In Russia, Hatred of America Triumphs over All – Part I

Former Russian Duma deputy Vladimir Ryzhkov, writing in the Moscow Times:

In his speech before the United Nations General Assembly last week, U.S. President Barack Obama said we are entering a new historical era. He declared that the United States would cease taking unilateral actions and called on all people of all nations to join together in combating the challenges facing the world. Obama said we need the “cooperative effort of the whole world.” His foreign policy leitmotif has become the call to cooperate based on shared values. He made similar appeals during visits to Prague, Cairo and Moscow.

In his Moscow speech in July, Obama extended the hand of friendship to Russia, declaring that the United States “needs a powerful, peaceful and prosperous Russia” and called Moscow to a “global partnership.” In recent months, the White House and the Kremlin have taken a series of steps to meet each other halfway as part of what Obama has referred to as the “reset” of U.S.-Russian relations. But if Obama had only extended his hand in friendship directly to the Russian people, he probably would have gotten a firm “nyet” in response. This is because most Russians look at the United States as an enemy. Moreover, this feeling is growing, despite the change in leadership in Washington and Obama’s many efforts to the contrary.

A recent survey by the Levada Center revealed that only 2.1 percent of all Russians consider the United States a friend, but 50.2 percent see Belarus as one, 17.6 see China that way and 17.4 percent consider Germany a friend. By contrast, 61.8 percent of respondents considered Georgia as Russia’s enemy, with the United States in second place at 45.4 percent.

The survey also found that 50.4 percent of Russians had either a “basically bad” or “very bad” attitude toward the United States, with only 1.4 percent holding a “very good” attitude and 34 percent feeling “basically good” toward Washington. What is most surprising to me is that Russians’ attitudes toward the United States have actually worsened during Obama’s first year in office compared with what they were during the administration of former U.S. President George W. Bush, Russia’s heretofore-favorite whipping boy. Only 24.7 percent of respondents felt Russia should respond to Obama’s call for both sides to reduce the number of nuclear warheads and delivery vehicles in their arsenals, while 56 percent were opposed.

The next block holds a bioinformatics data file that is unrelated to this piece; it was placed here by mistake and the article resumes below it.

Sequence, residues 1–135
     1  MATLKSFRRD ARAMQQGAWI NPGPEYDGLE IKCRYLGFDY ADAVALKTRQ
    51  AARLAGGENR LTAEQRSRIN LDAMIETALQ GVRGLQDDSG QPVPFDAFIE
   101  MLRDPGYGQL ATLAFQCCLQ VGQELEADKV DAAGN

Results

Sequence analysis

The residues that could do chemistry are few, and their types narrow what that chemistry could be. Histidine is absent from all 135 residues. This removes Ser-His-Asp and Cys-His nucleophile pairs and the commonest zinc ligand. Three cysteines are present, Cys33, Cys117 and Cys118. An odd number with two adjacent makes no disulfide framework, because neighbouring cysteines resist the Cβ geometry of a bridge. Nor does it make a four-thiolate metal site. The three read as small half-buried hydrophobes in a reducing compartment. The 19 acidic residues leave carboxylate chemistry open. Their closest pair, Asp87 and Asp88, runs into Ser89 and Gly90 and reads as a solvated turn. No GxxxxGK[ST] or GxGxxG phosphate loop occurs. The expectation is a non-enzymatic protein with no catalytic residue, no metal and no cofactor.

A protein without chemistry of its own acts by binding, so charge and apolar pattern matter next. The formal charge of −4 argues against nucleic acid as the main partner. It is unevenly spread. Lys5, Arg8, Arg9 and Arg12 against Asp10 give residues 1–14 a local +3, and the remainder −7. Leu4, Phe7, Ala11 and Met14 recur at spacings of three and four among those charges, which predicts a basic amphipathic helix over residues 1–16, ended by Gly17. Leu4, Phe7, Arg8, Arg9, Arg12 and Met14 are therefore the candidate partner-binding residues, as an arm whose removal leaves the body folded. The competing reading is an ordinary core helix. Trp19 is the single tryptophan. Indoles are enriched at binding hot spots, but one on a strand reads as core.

Russian respondents were positive that the United States is to blame for the main problems in the world today. A significant 25.5 percent hold the opinion that it was the United States — not Israel, Hamas, Islamic fundamentalists or terrorists — that is primarily responsible for the bloodshed and instability in the Middle East.

Anti-U.S. sentiment has been steadily rising in Russia over the past few years. Russian public opinion toward the Unites States first swung decidedly toward the negative in 1999, when U.S. President Bill Clinton authorized the bombing of Serbian forces in Yugoslavia. That was followed by Washington’s unilateral actions in Iraq, the expansion of NATO, the courting of Ukraine and Georgia to become new NATO members, U.S. plans to deploy elements of its missile defense batteries in Central Europe, the recognition of Kosovo’s independence and the heated debate over Russia’s recognition of independence for Abkhazia and South Ossetia. All of that was accompanied by anti-U.S. propaganda by the Kremlin-controlled media, as well as officially sponsored growing nostalgia for the Soviet past and for Josef Stalin, who shortly before his death called the struggle with the United States the main goal of Soviet foreign policy.

Russia’s growing isolation from the West — and the United States in particular — has exacerbated the problem. According to a national survey conducted by Bashkirova and Partners in June, 85 percent of Russians, as well as their friends and relatives, have never been to the United States, and only 9 percent have relatives and friends who have been there at least once. A little more than 2 percent have been to the United States once or twice. This large number of Russians has developed perceptions of the United States from decades of Soviet propaganda or from negative events in recent years. An overwhelming 95 percent of respondents said they had either never had any form of contact with an American, only a brief encounter. Fully 35 percent of those questioned said that Russia is the United States’ greatest rival, and 22 percent believed that the America is trying to undermine Russia’s international influence. As many as 15 percent think the United States would like to destroy Russia.

It is telling that a single Russian television channel broadcast Obama’s speech in July, leaving most Russians completely unaware of the U.S. leader’s friendly overture to them. Apparently, the Kremlin has no intention of providing at least minimum public support for Washington’s desire to reset U.S.-Russian relations.

7 responses to “In Russia, Hatred of America Triumphs over All – Part I